Product photography can be a lot of fun, especially when you start to experiment with light painting. In this video, photographer Mark Duffy shows us how he does his long exposure product photography using the new KYU 6 LED lights and Godox MS300 strobes in the studio on a pair of trainers (or “sneakers”, for those of you in the US).
As photographers or filmmakers, many of us have or will work with models at some point, perhaps even regularly. Typically, however, it’s about the whole package. We’re not usually focusing on just one part of them. Well, not unless you’re shooting products and need the services of a hand model. A hand model like RayMartell Moore.
This eight and a half minute video from Insider offers a fascinating insight into the world of hand modelling. RayMartell is uniquely qualified to talk about this topic as he’s been doing it for a decade now and his services can command as much as $4,000 per job.
If you’re still stuck at home and want to practice your photography, particularly small products, you might have been struggling if you don’t have a lot of lighting kit. Product photography often requires a bunch of different light sources to show off its different facets and surfaces. But if you don’t have a lot of gear, what can you do?
In this video, Jay P Morgan photographs a glass drinks bottle on his kitchen table using nothing but things he finds around his house (mainly the kitchen). Using parchment paper, flashlights, oven trays and even a diaper to create a pretty decent shot you can easily achieve in your own home.
Water splashes often seem to go hand in hand with product photography, although it’s not always easy to capture. Often it requires several pairs of hands to man the camera while simultaneously throwing water at your subject. But it’s possible to shoot it on your own quite easily using a DIY catapult, built from mostly standard gear you already have in your studio.
You’ll need a few bits of wood, screws, a bungee cord and a length of rope as well, but as this video from Matt Huber demonstrates, it’s a really simple design that’s easy to build. But the results it allows you to produce are very effective.
If you take product photos for e-commerce, you need consistent lighting and setup for shooting the items from all angles. If you’re on a budget, worry not – you can achieve great results on the cheap. In this helpful video, Dustin Dolby of workphlo will show you how to create professional-looking 360° product photos. You’ll need just one light, a kit lens, and a smartphone-controlled turntable.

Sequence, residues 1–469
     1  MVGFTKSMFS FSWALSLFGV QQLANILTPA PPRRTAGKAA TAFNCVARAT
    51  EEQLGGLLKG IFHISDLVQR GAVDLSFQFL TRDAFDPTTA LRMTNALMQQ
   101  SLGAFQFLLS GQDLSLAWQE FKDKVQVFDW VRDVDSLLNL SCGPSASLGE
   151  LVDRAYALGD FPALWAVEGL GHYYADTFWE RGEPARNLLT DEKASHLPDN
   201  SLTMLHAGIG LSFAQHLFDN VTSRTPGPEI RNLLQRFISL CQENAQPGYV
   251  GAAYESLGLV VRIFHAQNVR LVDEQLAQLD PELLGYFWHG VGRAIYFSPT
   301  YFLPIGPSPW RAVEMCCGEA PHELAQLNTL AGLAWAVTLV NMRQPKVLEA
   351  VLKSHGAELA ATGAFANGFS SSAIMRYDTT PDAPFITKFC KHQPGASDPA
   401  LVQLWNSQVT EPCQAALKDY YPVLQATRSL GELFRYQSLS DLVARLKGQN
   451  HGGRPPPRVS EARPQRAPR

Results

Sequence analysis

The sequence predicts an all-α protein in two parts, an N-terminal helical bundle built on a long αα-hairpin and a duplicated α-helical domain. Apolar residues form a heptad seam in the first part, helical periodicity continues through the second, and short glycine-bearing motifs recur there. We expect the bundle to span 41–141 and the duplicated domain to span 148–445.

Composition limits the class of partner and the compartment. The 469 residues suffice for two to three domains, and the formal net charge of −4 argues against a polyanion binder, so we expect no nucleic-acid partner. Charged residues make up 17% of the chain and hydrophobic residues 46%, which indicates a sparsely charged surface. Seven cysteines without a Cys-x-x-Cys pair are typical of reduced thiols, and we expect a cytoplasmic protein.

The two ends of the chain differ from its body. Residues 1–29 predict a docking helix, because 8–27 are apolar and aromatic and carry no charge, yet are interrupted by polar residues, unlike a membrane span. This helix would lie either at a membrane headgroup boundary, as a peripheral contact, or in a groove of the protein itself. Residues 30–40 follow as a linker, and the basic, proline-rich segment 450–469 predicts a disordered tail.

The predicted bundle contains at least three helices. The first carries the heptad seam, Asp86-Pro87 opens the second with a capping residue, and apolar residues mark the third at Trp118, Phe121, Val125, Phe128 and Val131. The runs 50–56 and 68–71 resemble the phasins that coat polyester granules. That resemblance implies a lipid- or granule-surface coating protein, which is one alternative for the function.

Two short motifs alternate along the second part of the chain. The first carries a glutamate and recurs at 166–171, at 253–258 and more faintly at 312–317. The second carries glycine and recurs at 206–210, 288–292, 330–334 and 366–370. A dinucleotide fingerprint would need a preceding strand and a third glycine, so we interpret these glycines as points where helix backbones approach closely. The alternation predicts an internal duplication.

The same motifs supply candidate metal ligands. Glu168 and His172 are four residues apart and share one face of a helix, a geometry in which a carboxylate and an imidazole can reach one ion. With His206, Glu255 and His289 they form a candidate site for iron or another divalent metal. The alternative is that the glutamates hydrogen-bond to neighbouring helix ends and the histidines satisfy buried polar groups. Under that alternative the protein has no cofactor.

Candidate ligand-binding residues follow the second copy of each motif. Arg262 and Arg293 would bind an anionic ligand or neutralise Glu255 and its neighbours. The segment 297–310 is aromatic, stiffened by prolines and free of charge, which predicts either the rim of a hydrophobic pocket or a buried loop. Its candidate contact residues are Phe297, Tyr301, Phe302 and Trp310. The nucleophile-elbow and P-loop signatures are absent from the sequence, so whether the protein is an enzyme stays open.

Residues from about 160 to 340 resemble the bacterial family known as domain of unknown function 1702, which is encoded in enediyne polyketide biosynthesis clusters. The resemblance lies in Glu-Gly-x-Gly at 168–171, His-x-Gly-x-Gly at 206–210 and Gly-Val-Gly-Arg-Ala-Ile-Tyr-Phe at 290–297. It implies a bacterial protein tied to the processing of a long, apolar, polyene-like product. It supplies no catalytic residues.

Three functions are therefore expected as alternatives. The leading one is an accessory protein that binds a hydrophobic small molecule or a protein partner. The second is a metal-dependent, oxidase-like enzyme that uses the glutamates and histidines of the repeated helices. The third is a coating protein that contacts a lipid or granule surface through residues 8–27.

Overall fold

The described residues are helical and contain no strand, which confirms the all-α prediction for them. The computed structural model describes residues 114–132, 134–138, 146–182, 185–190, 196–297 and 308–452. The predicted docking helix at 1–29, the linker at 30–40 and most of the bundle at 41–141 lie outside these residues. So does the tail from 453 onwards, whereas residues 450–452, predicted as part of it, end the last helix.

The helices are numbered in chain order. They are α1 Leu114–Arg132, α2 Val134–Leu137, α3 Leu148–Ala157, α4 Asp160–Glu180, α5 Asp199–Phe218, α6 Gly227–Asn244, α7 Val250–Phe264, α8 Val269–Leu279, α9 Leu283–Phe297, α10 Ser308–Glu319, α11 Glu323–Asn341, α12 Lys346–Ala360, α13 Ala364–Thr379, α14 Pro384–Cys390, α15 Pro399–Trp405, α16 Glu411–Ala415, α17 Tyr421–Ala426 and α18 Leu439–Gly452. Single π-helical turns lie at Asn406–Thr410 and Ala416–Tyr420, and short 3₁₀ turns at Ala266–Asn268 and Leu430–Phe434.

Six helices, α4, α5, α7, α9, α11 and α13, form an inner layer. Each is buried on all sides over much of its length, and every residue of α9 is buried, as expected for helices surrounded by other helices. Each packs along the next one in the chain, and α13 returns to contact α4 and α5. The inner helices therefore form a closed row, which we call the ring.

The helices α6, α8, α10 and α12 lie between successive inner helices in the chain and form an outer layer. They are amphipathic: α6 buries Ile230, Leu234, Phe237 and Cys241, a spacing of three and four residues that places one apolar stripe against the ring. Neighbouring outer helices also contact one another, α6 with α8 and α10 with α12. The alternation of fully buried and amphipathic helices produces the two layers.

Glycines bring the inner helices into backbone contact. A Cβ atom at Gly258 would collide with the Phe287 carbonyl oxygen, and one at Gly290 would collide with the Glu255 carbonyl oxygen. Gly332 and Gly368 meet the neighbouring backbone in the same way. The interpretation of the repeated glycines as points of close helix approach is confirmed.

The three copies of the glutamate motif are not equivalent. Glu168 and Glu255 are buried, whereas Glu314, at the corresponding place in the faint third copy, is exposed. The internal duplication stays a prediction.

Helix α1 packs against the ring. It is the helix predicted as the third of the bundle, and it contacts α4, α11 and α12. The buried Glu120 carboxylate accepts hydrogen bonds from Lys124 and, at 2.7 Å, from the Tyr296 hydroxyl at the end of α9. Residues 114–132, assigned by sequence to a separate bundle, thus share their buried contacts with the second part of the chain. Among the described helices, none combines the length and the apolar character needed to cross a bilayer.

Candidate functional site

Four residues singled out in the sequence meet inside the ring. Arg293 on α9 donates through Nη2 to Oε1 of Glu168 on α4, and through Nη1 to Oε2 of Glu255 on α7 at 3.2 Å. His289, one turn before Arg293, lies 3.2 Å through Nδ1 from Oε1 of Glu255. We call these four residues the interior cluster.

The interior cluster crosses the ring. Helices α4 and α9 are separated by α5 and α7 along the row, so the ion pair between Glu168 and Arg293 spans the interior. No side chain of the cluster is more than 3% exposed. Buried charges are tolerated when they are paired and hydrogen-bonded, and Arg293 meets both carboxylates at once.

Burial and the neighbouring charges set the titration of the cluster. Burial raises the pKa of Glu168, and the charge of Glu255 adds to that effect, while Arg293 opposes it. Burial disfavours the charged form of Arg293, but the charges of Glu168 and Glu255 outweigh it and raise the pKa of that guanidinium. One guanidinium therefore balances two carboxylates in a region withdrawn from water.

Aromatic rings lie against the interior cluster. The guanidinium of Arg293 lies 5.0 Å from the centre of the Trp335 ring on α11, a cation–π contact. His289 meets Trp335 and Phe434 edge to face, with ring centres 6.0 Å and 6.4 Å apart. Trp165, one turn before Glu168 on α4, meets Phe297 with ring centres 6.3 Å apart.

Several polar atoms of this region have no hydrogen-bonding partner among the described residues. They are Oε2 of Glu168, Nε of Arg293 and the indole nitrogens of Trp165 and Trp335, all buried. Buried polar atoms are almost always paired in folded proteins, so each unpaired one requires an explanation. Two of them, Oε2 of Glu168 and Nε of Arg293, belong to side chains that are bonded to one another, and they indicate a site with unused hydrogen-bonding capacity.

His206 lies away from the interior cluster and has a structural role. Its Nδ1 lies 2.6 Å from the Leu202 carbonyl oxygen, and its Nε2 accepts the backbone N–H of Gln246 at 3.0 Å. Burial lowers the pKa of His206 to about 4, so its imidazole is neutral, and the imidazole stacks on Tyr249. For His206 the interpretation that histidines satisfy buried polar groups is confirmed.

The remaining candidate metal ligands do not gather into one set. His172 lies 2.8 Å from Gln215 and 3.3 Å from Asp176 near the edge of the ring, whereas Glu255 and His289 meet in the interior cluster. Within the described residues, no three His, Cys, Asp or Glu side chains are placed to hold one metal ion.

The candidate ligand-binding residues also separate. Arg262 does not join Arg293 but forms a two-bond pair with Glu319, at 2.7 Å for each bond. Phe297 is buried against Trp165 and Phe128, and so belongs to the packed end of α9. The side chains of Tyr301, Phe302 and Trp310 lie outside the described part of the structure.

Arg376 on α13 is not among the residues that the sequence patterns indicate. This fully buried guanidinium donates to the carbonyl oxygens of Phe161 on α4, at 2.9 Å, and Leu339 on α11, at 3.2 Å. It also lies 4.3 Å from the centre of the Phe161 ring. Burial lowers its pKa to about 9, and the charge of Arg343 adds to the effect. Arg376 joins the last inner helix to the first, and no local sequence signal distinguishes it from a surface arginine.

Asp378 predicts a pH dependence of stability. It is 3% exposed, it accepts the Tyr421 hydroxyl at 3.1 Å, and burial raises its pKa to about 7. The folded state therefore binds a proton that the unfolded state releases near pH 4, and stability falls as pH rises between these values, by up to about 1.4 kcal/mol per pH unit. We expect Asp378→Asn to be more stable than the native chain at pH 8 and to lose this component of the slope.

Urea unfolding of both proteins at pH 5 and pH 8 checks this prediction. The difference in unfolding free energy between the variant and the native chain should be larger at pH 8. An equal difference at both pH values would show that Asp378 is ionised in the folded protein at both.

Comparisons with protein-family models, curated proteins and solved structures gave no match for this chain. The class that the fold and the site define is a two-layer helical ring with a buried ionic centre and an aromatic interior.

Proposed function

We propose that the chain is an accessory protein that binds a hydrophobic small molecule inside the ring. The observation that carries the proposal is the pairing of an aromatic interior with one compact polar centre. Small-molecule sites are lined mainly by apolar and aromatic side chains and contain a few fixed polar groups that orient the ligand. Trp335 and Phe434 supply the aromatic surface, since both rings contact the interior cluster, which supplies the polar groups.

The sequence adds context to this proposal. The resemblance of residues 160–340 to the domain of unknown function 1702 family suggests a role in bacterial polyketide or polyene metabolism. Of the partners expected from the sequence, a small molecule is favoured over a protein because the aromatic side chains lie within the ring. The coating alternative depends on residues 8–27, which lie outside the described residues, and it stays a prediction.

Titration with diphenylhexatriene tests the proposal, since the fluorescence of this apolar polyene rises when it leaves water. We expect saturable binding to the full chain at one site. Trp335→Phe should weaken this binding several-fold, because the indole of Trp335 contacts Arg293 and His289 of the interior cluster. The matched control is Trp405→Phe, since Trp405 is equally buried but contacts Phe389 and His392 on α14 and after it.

Product photography can be a lot of fun. For many photographers right now, it’s the only type of photography they can really try. They often don’t need a lot of space, and you don’t really need a lot of gear to shoot them, either. For small things, you can usually get away with just a camera and lens and one light – and a bit of work in Photoshop compositing things together.
That’s what Peter Lindgren does in this video, with the assistance of fellow photographer, Jonas Häll. They use very minimal gear to get a very impressive final result. Their camera Sony’s new ZV-1 compact vlogging camera to shoot the images and only a single light source is used. It offers some great tips for making your beer look ice cold, including some you might not have seen before.
Ecommerce photography needs to be a quick process with great results every time. Well, it does from my point of view. If I have many items to photograph I want the process and I want to be quick and efficient, then I believe I have found the perfect setup!
When it comes to product photography, there are a lot of brands out there who keep a very consistent look and feel to their promotional material. Whether it’s a truck or a toaster, you can immediately tell by the way it’s lit and shot that it belongs to a certain brand.
One such brand is Apple. And while many of their product photos and videos are actually CG, the guys at Syrp have broken down Apple’s techniques to show you how you can shoot it for real.
Photographing black products on a black background can give you elegant and dramatic shots. However, it can be tricky to separate your product from the background. In this video, Karl Taylor walks you through his process and shows you how he photographs dark products on a dark background.